We present broadband ultraviolet images of NGC1068 made at 152 and 249nm with 3 arcsec resolution. The images were made using the Ultraviolet Imaging Telescope (UIT) in December 1990. The UV images are compared with ground-based H? images having comparable resolution. Although the overall brightness distributions are similar in the UV and in H? , we find significant differences when we compare the images in detail. In particular, the extremely luminous UV region 10 arcsec NW of the active nucleus is unremarkable in H? . Several other regions are observed with differing UV and H? appearances. We use the UV/H? ratio in different regions to explore the recent star formation history of NGC1068. Although both the UV light and the H? emission trace the young stellar population, the H? tends to fade more quickly as the ionizing stars evolve off the main sequence; the UV continuum emission lasts longer, as it originates from a broader range of stellar ages and temperatures. Thus, the `knots' which are UV-bright but H? -weak are probably regions currently containing young stars with intermediate masses (5-15 M_?). Alternatively, the `knots' may have formed with a truncated IMF. We compare our observations to population synthesis models of Fanelli \\it et al. to determine ages of the star- forming regions and to constrain the IMF in selected regions of NGC1068.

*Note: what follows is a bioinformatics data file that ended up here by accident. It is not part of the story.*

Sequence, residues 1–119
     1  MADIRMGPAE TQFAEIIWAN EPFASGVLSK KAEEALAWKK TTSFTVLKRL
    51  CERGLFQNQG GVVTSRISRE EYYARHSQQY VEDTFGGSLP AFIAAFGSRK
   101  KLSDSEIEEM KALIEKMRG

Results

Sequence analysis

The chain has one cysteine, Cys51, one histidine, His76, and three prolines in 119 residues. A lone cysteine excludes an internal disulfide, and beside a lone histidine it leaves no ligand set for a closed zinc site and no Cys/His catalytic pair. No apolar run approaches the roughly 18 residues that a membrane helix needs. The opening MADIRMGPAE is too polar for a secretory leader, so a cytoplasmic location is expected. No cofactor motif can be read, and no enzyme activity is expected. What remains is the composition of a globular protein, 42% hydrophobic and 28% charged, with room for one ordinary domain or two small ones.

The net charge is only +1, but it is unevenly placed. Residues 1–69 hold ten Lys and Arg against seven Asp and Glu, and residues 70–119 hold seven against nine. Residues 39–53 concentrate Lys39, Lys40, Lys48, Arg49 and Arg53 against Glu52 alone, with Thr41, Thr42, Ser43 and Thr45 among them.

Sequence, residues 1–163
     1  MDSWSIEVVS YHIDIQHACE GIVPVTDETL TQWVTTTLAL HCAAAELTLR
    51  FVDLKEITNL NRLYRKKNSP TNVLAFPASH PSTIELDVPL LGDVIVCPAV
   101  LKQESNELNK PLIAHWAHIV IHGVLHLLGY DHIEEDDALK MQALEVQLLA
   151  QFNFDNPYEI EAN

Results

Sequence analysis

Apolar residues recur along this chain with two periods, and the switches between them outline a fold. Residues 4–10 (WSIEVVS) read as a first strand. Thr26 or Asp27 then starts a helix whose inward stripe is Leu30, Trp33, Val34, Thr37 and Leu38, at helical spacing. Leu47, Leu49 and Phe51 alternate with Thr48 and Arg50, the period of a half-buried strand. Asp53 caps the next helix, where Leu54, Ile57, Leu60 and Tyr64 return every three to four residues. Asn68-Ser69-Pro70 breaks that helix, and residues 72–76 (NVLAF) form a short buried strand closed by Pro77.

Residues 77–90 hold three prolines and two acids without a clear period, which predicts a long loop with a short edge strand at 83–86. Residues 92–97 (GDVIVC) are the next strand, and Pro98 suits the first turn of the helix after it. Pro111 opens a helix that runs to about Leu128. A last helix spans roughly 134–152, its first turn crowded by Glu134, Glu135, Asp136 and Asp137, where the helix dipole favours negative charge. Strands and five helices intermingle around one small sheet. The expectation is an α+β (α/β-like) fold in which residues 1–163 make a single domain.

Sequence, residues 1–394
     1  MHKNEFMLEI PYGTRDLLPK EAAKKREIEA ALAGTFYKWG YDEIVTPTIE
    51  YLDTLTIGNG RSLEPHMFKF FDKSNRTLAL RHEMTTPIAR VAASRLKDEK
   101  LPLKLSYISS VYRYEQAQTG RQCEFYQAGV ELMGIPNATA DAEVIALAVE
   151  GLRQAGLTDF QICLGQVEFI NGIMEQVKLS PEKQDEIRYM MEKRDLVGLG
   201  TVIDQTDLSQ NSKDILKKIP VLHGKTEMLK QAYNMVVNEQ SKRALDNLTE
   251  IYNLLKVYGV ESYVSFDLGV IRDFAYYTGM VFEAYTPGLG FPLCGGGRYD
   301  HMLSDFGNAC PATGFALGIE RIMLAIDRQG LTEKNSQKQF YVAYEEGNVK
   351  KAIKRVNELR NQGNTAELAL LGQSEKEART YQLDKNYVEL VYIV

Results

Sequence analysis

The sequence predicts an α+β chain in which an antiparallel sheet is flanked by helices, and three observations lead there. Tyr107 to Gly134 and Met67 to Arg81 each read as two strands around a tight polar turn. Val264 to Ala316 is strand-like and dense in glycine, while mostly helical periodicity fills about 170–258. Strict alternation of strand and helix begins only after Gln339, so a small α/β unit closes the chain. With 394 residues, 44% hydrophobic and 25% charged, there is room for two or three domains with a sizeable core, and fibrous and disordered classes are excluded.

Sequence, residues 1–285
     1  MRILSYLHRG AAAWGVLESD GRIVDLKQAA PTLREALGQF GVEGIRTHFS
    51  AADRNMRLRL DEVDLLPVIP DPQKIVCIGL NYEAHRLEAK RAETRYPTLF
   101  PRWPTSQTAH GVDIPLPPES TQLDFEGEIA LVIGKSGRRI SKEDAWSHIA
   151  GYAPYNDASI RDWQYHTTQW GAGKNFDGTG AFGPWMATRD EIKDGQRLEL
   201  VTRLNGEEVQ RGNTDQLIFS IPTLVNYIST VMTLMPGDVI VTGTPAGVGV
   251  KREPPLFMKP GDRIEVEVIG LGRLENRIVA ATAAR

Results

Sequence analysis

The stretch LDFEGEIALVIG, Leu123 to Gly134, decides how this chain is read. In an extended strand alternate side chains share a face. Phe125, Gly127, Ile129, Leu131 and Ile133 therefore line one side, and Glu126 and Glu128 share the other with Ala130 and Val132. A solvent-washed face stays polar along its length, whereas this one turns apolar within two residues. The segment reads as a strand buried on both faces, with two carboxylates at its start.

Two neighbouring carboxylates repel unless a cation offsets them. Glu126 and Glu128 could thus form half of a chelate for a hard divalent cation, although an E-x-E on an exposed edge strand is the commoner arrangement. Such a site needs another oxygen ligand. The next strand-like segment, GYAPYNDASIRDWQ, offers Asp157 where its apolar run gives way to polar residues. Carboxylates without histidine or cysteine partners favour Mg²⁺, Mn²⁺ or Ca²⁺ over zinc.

Neff, S. G.; Fanelli, M. N.; Roberts, L. J.; Cheng, K. P.; Hintzen, P. M. N.; Smith, E. P.; Smith, A. M.; Stecher, T. P.; Bohlin, R. C.; O'Connell, R. W.; Roberts, M. S.

1993-12-01

39

An Evolutionary Sequence for Herbig Ae\\/Be Stars Based on UV Data  

Microsoft Academic Search